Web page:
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Man Who Concealed Bosnia War Past To Be Deported

ST. PAUL, Minn. (AP) — A man who came to the U.S. as a refugee from war-torn Bosnia almost two decades ago will be deported for concealing a long criminal past in his home country, including the killing of an elderly Serbian neighbor, a federal judge said Thursday.

Zdenko Jakisa, 47, settled in Minnesota in 1998, obtaining permanent residency four years later. He apologized in court for withholding information when he first came to America, saying he felt at the time he had no choice.

"The reason I was lying was only to save my life and my wife's life," he told Judge Susan Richard Nelson. "I did not come here to hurt anyone, or do anything."

Nelson told Jakisa she was in no position to judge him for actions committed during the bloody breakup of Yugoslavia in the early '90s.

"I need to sentence you for the crime that you've been convicted of, which is misrepresenting important material matters on your immigration application," she said, issuing an order that he be removed from the United States.

As part of his plea, Jakisa agreed he was a Bosnian citizen and that he would surrender to U.S. immigration officials as early as Tuesday. It was not immediately clear when he would leave the country, but his attorney said he hoped it would be with days or weeks.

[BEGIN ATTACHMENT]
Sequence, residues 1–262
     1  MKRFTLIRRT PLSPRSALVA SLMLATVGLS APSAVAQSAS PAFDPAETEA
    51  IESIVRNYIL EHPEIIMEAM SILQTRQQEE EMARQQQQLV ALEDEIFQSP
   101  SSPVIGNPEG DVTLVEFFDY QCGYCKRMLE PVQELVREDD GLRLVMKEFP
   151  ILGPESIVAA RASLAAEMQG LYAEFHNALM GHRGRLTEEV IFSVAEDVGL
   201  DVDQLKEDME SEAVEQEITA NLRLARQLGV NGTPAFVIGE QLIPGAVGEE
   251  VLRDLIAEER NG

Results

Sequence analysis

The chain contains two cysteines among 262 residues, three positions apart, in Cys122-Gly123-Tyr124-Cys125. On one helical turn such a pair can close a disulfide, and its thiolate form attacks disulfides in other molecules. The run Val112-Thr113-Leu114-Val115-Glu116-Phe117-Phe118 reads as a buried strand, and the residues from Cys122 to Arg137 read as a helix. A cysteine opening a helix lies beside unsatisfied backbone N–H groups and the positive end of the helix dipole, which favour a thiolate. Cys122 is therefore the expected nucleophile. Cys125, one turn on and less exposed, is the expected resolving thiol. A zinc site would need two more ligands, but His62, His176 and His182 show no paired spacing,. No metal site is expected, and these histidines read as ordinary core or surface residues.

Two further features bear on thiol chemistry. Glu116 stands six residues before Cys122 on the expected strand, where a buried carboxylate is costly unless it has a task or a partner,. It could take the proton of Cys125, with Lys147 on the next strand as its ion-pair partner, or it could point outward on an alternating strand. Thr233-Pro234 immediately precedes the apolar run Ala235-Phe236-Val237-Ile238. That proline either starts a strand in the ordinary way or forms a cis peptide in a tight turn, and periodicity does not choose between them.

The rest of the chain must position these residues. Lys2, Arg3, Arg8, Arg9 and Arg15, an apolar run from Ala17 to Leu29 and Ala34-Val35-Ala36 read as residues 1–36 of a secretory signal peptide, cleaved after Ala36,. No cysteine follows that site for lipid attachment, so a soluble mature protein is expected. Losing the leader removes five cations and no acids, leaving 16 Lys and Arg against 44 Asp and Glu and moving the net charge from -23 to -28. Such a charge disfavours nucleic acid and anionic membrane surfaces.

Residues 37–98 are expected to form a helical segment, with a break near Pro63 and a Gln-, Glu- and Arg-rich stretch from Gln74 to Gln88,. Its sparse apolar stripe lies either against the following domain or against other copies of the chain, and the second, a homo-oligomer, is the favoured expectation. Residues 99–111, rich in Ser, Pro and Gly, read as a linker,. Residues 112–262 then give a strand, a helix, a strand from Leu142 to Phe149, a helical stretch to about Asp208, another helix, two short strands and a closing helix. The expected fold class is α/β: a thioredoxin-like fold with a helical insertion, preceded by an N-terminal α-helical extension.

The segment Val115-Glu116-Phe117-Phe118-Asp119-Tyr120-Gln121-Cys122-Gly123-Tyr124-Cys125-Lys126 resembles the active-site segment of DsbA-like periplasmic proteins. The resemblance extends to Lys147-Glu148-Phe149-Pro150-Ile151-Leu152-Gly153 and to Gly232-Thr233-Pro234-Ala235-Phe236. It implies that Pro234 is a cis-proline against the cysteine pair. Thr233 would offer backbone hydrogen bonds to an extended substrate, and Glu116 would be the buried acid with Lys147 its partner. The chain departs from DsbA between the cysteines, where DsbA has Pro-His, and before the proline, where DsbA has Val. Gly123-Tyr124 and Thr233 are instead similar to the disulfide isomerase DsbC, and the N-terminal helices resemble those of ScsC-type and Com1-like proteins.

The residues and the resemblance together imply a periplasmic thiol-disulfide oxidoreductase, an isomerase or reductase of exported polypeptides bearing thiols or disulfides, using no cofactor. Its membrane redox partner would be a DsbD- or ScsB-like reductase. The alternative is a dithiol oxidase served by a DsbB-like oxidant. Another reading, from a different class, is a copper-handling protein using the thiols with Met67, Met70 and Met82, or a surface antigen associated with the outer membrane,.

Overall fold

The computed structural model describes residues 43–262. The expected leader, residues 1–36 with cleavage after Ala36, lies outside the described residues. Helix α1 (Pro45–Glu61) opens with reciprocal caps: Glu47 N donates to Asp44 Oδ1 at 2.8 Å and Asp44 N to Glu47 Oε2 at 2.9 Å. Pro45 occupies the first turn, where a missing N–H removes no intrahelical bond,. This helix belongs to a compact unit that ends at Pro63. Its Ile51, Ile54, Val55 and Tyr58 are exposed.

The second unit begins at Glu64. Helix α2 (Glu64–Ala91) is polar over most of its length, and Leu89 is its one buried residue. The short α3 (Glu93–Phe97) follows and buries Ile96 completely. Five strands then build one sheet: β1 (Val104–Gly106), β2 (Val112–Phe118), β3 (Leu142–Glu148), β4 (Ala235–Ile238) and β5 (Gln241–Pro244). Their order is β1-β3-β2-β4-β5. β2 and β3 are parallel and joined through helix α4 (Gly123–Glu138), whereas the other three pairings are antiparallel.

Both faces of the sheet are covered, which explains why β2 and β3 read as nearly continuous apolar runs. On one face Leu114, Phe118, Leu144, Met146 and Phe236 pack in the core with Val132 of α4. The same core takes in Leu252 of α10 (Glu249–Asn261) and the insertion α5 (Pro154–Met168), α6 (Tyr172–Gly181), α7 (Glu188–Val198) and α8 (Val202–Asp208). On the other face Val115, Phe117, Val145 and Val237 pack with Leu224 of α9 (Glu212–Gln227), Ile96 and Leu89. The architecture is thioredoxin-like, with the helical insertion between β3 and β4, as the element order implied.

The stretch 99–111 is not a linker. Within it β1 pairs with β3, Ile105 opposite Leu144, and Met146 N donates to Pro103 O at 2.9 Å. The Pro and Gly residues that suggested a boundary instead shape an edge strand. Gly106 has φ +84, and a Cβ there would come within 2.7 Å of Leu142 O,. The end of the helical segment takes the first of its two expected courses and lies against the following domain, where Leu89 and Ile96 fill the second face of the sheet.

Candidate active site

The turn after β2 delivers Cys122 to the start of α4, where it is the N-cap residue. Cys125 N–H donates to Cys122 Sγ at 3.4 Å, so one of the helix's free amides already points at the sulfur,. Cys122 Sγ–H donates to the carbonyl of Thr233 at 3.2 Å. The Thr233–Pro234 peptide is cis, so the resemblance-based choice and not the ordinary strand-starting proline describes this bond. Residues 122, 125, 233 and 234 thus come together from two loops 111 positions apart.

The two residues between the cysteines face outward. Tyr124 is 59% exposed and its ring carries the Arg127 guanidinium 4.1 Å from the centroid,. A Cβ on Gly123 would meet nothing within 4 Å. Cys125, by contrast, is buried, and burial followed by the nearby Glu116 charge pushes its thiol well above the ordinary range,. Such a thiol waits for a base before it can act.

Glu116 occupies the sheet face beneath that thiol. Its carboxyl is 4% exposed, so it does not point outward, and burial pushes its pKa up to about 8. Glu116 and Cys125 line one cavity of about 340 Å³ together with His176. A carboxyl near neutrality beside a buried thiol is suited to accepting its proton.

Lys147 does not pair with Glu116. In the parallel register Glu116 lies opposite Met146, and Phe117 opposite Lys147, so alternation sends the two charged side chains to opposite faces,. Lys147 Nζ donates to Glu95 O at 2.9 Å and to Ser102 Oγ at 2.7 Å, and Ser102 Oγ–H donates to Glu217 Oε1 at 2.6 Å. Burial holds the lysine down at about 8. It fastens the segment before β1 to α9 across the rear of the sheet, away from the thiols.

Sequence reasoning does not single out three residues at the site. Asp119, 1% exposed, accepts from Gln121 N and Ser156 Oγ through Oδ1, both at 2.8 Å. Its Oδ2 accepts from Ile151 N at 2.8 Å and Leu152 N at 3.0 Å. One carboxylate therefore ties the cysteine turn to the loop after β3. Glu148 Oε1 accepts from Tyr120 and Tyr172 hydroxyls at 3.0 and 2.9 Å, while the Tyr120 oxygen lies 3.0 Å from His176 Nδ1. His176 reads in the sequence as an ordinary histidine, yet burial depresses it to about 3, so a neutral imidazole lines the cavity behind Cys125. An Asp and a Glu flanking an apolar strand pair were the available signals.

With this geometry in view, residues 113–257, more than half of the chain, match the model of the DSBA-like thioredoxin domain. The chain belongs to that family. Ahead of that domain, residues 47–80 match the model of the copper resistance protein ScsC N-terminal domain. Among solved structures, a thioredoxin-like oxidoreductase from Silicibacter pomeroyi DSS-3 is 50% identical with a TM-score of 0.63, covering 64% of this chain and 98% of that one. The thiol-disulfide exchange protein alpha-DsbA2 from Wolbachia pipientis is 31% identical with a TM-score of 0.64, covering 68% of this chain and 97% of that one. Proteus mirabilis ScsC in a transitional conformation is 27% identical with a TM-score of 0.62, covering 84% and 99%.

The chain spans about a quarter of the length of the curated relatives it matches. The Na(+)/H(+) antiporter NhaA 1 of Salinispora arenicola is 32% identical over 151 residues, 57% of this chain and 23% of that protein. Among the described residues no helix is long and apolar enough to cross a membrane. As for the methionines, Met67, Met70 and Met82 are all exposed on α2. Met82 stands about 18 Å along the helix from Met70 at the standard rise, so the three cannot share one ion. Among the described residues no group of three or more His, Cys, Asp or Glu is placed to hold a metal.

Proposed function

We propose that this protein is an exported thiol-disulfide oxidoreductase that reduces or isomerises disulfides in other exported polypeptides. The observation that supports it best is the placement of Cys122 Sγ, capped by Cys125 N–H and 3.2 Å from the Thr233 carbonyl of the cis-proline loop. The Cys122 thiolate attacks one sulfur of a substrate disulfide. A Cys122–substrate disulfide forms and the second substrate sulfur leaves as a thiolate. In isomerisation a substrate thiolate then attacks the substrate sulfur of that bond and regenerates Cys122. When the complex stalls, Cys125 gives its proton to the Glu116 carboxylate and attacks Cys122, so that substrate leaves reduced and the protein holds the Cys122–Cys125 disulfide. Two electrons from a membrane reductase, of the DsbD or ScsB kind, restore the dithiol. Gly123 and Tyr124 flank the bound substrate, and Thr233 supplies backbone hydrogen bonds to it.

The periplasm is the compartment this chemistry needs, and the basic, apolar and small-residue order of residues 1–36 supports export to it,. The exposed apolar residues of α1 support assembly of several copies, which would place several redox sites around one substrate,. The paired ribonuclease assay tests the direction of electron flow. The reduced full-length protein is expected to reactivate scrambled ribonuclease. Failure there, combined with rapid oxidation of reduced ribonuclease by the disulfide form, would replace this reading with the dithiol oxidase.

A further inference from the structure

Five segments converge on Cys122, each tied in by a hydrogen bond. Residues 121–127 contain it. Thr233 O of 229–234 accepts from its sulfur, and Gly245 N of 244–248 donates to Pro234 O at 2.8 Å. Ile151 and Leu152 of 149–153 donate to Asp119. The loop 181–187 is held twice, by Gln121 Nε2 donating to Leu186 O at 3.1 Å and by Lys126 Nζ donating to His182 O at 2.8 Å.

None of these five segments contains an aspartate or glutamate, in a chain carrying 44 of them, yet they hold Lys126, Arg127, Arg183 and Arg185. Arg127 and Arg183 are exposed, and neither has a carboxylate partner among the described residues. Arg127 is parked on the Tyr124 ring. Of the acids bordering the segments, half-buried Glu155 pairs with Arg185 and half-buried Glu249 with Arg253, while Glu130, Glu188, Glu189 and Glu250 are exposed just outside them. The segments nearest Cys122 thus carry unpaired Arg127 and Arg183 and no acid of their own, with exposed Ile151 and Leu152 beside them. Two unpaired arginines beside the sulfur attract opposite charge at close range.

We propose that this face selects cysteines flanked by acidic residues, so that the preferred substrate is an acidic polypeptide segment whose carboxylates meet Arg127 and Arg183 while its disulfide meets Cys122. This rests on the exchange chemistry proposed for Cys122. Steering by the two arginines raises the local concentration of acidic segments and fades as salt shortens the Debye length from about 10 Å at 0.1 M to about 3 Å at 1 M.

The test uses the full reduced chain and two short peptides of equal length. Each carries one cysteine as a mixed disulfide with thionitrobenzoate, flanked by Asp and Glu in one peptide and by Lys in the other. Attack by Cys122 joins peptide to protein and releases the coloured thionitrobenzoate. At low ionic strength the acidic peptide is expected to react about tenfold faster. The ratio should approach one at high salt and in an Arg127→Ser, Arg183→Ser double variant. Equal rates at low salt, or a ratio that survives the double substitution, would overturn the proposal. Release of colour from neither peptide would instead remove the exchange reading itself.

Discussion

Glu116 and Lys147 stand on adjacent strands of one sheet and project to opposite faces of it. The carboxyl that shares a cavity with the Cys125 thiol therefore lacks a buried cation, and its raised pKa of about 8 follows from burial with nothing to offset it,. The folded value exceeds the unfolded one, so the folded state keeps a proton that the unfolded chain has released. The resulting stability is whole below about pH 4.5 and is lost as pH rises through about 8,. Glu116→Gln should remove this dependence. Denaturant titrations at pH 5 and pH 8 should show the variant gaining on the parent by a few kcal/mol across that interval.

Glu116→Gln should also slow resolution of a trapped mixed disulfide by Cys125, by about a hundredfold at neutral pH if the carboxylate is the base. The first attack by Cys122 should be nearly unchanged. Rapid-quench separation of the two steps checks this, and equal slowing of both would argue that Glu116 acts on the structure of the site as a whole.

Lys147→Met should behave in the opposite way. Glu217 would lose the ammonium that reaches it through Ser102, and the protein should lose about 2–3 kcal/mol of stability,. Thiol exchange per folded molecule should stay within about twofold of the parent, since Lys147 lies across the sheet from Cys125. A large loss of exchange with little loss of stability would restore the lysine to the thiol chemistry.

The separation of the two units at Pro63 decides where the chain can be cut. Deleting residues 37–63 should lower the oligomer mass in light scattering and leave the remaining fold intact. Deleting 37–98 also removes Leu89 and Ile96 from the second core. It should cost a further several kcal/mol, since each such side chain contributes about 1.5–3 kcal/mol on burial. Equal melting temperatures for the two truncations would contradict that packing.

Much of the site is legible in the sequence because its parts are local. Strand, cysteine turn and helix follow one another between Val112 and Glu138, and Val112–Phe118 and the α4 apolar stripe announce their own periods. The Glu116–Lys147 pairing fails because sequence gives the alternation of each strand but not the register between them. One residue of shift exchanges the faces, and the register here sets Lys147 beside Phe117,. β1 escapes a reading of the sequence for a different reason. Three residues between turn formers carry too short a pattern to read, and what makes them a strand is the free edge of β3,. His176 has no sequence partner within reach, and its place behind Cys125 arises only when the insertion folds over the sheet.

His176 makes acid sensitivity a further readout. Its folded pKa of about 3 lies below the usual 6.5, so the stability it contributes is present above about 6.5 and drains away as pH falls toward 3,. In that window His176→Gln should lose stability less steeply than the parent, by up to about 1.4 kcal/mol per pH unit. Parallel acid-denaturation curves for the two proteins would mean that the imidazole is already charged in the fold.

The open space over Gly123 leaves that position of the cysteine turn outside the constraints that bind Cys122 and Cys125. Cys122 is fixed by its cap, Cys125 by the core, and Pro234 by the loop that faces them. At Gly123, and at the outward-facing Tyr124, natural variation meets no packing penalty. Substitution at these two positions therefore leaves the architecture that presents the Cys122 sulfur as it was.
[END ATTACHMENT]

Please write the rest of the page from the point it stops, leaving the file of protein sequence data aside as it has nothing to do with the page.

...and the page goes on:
In Bosnia, Jakisa was convicted of various crimes including killing his neighbor by firing an AK-47 through her bedroom window. He was also convicted of assault, disturbing the peace and other criminal activities.

Jakisa and his wife, Anna, have been living in suburban Forest Lake, where they co-owned a taxi business. He has a lengthy criminal record in Minnesota, including multiple convictions for driving while impaired, disorderly conduct and obstructing legal process.

The judge attributed many of his recent troubles to mild mental illnesses, including post-traumatic stress disorder, and alcoholism, but said he had made progress toward getting better.

Authorities in Bosnia have said Jakisa is wanted for questioning in an investigation into war crimes there, but provided no details.

More than 100,000 people were killed during the conflict, which also turned half the country's population of 4.3 million into refugees.

(© Copyright 2016 The Associated Press. All Rights Reserved. This material may not be published, broadcast, rewritten or redistributed.)


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